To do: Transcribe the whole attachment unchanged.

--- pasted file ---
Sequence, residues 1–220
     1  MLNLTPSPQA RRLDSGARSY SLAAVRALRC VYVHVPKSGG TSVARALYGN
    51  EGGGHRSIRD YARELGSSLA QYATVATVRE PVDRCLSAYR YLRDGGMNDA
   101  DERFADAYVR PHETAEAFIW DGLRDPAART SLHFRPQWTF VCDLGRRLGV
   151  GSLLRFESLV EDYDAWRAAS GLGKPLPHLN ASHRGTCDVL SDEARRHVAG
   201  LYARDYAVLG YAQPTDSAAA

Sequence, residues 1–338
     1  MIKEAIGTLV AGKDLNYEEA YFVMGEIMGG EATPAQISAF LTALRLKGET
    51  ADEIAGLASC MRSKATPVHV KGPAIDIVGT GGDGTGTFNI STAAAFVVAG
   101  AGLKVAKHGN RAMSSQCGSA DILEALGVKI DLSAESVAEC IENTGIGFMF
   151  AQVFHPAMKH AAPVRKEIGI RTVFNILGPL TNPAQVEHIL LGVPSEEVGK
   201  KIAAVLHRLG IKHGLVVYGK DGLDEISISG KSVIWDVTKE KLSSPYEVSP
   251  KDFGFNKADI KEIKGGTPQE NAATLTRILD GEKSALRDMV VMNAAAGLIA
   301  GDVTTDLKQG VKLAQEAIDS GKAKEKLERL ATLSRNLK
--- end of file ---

Sequence, residues 1–220
     1  MLNLTPSPQA RRLDSGARSY SLAAVRALRC VYVHVPKSGG TSVARALYGN
    51  EGGGHRSIRD YARELGSSLA QYATVATVRE PVDRCLSAYR YLRDGGMNDA
   101  DERFADAYVR PHETAEAFIW DGLRDPAART SLHFRPQWTF VCDLGRRLGV
   151  GSLLRFESLV EDYDAWRAAS GLGKPLPHLN ASHRGTCDVL SDEARRHVAG
   201  LYARDYAVLG YAQPTDSAAA

Sequence, residues 1–338
     1  MIKEAIGTLV AGKDLNYEEA YFVMGEIMGG EATPAQISAF LTALRLKGET
    51  ADEIAGLASC MRSKATPVHV KGPAIDIVGT GGDGTGTFNI STAAAFVVAG
   101  AGLKVAKHGN RAMSSQCGSA DILEALGVKI DLSAESVAEC IENTGIGFMF
   151  AQVFHPAMKH AAPVRKEIGI RTVFNILGPL TNPAQVEHIL LGVPSEEVGK
   201  KIAAVLHRLG IKHGLVVYGK DGLDEISISG KSVIWDVTKE KLSSPYEVSP
   251  KDFGFNKADI KEIKGGTPQE NAATLTRILD GEKSALRDMV VMNAAAGLIA
   301  GDVTTDLKQG VKLAQEAIDS GKAKEKLERL ATLSRNLK